Students show off tattoos


Reagan Hoffman

Junior Lauren Fisher was 16-years-old when she got her first tattoo. She now has 18 tattoos and is planning on getting more

by Reagan Hoffman, Staff Reporter

Tattoos are all around campus; whether you can see them or not, they are there. Tattoos are a  way many people express themselves. Whether you get them for a true meaning or just for fun, they all have a story. 

Junior Lauren Fisher was 16-years-old when she got her first tattoo. She now has 18 tattoos and is planning on getting more. 

“My first tattoo is on my right bicep, and it says, ‘no day but today’ in honor of the first movie I saw in theaters,” Fisher said. 

Fisher says that a majority of her tattoos have a personal meaning behind them except one. 

“My first big tattoo is the flowers and pocket watch on my forearm. I got it in honor of my grandpa, who passed away back in 2009, and it was the time he passed. It is also the pocket watch he gave me. [A] majority of my tattoos have meaning, except for the DoodleBob [from SpongeBob] on my ankle,” Fisher said.

Fisher’s first four tattoos were done in Omaha, Neb. She also had one done in Texas, and the rest were done in the Des Moines area. Fisher said that her favorite tattoos are her puzzle piece in honor of her best buddy in high school, who is autistic, and her DoodleBob tattoo because it represents her.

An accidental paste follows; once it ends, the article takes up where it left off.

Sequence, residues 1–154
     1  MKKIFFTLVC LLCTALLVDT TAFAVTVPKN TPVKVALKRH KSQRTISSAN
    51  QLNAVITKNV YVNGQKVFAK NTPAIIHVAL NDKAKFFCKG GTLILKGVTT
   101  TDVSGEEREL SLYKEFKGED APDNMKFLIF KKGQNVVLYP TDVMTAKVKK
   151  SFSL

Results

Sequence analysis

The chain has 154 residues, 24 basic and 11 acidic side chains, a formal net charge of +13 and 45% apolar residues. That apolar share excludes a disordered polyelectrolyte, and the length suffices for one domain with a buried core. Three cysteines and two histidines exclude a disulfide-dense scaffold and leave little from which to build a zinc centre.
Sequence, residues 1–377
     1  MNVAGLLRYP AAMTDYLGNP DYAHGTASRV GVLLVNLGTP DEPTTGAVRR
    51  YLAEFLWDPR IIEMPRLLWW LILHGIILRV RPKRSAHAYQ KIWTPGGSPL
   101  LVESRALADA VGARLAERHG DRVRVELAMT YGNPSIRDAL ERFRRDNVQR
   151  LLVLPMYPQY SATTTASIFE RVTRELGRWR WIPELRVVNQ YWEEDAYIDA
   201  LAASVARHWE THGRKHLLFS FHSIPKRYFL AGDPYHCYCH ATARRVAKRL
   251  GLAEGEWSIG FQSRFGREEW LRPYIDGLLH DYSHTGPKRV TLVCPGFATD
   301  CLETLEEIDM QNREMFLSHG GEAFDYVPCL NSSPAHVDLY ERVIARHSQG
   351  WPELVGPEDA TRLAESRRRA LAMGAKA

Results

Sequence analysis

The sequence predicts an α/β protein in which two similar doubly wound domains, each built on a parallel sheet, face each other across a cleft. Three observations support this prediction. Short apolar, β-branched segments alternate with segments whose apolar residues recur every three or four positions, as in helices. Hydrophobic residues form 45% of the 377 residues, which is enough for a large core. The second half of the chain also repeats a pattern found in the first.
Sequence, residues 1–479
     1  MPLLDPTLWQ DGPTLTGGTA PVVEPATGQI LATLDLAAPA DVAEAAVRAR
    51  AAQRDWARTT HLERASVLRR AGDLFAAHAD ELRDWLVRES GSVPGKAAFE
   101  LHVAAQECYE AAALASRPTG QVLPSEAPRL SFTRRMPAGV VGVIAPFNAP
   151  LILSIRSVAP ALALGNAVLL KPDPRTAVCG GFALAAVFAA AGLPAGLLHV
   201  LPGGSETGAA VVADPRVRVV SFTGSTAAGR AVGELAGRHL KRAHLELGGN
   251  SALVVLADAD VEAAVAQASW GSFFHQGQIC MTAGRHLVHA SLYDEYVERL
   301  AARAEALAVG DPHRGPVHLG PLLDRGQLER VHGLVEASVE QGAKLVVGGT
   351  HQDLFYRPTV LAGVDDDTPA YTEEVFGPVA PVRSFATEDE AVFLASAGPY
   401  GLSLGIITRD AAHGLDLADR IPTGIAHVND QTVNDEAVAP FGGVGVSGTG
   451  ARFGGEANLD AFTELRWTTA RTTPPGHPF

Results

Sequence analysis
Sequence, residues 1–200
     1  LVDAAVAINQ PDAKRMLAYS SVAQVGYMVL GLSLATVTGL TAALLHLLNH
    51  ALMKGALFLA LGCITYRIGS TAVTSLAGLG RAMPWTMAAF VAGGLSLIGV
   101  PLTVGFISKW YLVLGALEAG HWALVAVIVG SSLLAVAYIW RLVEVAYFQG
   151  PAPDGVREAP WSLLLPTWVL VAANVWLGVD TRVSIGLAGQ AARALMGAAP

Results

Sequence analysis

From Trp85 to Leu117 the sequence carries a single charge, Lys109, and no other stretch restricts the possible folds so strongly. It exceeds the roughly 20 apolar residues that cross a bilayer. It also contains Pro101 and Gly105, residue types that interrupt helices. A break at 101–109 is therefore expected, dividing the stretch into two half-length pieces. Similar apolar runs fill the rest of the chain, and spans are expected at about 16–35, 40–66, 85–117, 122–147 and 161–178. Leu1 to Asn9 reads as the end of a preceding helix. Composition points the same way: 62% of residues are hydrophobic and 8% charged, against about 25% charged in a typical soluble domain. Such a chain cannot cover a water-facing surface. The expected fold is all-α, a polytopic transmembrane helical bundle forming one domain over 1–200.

Getting tattoos is something that Fisher thoroughly enjoys doing but has spent a lot of time and money on.

“Including tips, I have probably spent about $2,000 on my tattoos and around nearly 30 or more hours in a tattoo chair,” she said. 

Fisher already has her next tattoo planned out. 

“I want to finish my sleeve and get the saying ‘I heard you die twice, once when they bury you in the grave and the second time is the last time somebody mentions your name,’” Fisher said.

Junior Carina Covington, on the other hand, only has one tattoo. Her tattoo says “this too shall pass” with an arrow.

Covington said she got the tattoo as a self-reminder. 

“I have struggled with mental health my entire life, and having the quote ‘this too shall pass’ serves as a great reminder for me,” she said. 

She said the arrow in her tattoo also has a meaning. 

“There is also an arrow with the quote that symbolizes moving forward. You cannot shoot an arrow without first pulling it back,” Covington said.

Covington got her tattoo done in Lincoln, Neb., and is planning on getting another tattoo in the future. She said that she is planning on her next tattoo to be a butterfly with flowers.

Many more people on Simpson College’s campus have tattoos. Tattoos are something that many students invest lots of time, effort and money in.